Interactions between a large herbivore and a road network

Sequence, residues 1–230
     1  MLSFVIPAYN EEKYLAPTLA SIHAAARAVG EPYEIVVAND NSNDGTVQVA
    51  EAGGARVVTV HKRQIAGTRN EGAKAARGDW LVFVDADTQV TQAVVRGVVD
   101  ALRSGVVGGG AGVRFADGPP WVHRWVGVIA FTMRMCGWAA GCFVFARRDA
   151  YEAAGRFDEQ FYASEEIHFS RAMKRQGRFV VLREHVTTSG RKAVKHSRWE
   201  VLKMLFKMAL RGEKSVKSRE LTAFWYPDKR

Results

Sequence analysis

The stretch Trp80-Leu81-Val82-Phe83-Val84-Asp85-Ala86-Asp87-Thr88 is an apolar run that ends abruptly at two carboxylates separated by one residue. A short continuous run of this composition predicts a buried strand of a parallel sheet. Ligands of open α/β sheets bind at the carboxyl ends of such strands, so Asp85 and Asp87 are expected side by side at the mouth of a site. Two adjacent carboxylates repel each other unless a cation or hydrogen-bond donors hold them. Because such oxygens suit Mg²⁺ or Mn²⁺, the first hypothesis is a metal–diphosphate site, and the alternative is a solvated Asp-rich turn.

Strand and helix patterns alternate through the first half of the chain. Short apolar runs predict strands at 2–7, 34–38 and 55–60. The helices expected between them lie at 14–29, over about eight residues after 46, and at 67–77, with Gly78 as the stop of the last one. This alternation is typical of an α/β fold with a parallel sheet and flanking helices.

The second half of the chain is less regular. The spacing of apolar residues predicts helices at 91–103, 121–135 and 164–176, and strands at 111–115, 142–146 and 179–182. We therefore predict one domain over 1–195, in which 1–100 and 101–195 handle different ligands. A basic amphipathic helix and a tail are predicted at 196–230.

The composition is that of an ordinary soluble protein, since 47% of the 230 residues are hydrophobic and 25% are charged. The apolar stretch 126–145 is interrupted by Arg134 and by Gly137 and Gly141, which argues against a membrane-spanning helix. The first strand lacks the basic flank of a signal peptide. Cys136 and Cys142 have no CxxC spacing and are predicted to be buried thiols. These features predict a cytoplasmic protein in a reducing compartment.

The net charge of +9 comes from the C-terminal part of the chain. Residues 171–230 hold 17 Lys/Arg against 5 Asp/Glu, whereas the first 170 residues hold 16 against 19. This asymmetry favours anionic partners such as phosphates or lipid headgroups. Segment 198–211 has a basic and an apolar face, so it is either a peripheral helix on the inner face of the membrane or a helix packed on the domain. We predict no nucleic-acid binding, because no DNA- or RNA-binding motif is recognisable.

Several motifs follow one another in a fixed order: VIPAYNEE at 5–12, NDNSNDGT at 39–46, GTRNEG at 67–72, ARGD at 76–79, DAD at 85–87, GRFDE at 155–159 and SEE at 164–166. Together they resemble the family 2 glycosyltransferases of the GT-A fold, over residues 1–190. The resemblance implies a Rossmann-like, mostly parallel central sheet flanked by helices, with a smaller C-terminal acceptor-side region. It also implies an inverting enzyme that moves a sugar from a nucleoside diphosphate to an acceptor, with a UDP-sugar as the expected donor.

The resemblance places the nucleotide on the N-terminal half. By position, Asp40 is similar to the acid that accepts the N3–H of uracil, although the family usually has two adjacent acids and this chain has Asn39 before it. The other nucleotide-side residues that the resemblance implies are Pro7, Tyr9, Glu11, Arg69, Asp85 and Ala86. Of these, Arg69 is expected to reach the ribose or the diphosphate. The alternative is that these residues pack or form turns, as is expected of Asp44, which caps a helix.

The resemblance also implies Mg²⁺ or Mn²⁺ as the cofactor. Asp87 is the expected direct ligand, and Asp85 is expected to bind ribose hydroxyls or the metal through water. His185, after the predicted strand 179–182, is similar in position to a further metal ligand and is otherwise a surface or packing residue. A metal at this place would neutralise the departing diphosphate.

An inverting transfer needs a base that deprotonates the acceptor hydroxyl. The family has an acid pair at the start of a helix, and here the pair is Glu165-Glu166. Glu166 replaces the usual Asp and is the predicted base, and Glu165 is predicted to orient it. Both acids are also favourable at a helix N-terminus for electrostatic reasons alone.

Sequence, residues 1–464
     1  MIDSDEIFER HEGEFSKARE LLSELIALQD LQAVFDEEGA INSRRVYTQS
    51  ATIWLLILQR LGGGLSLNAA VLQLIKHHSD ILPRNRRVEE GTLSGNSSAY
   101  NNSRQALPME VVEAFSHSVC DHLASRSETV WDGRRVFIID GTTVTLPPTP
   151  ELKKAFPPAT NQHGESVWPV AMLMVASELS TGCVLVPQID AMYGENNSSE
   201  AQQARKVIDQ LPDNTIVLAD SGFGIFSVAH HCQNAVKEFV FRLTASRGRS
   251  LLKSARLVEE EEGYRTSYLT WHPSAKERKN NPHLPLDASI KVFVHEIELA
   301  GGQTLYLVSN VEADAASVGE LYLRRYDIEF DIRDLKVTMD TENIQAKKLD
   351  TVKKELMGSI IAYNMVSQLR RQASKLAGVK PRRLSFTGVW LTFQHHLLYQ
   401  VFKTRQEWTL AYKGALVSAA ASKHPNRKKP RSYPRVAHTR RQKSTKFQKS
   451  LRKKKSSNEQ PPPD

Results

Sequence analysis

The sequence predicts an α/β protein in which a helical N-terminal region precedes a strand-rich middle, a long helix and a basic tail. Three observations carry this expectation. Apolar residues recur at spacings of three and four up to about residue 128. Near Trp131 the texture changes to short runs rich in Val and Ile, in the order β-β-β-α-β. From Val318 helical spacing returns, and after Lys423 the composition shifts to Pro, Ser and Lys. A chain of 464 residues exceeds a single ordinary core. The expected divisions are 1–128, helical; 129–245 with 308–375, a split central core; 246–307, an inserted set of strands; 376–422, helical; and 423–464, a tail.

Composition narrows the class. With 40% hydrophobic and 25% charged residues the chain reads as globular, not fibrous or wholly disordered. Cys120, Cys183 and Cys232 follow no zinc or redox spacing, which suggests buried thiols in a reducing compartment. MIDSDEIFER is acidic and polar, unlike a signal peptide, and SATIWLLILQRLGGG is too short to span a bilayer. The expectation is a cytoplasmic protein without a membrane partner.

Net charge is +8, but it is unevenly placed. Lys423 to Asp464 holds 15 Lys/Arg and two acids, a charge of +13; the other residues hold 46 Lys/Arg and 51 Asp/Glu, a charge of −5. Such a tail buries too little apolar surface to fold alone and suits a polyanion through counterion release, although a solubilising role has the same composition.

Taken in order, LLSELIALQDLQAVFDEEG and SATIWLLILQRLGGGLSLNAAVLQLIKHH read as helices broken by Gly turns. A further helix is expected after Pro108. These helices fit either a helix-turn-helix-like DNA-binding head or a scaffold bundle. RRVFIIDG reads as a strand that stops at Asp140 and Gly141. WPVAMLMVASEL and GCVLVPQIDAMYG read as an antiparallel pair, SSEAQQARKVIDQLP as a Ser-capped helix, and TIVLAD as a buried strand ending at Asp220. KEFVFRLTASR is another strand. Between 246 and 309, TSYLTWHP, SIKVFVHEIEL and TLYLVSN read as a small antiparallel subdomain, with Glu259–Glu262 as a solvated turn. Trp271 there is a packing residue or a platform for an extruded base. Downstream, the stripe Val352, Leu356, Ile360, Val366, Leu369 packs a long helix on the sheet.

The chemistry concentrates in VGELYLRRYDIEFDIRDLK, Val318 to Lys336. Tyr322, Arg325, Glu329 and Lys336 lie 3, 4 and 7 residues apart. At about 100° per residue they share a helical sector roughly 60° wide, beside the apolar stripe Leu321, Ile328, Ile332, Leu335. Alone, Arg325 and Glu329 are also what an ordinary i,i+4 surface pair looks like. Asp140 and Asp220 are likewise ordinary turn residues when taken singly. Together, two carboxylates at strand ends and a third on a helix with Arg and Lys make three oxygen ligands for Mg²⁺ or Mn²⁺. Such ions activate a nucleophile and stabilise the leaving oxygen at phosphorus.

We assessed habitat selection of moose in a study area containing 2 highways and a network of forest roads in Quebec, Canada. We tested the hypothesis that roadways would affect moose habitat selection and that moose behaviour would vary with time, proximity to roads, type of roadway, and environmental characteristics (i.e., habitat and topography). We equipped 47 moose with GPS telemetry collars and assessed habitat selection using resource selection functions. Moose searched primarily for areas with high forage availability, but they also avoided highways and forest roads, although avoidance usually disappeared beyond 100–250 m. Avoidance was not directly proportional to noise disturbance; moose systematically avoided the first 100 m adjacent to forest roads, while habitats adjacent to highway sides were sometimes used in proportion to their availability. The benefits of using habitats adjacent to highways may be greater than the costs to moose, which was not always the case for forest roads. The road-avoidance zone varied seasonally but was generally wider for males than females, suggesting that males were more sensitive to road disturbance. We believe that moose frequent highways and associated roadsides to find food and mineral salts, and possibly to reduce predation risk for females. Topography was also an important correlate of habitat selection by moose, especially for females, which had significant selection coefficients for altitude and slope in almost every season. Proper assessment of human impacts on ungulates in natural environments requires consideration of unpaved forest roads. In a study area with a small human footprint and low road density (0.16 km·km–2), moose selection patterns suggested they minimized potential risks associated with highways at the coarse scale while seeking short-term benefits of highway roadsides, i.e., sodium in vegetation and pools, at the finer spatial scale.
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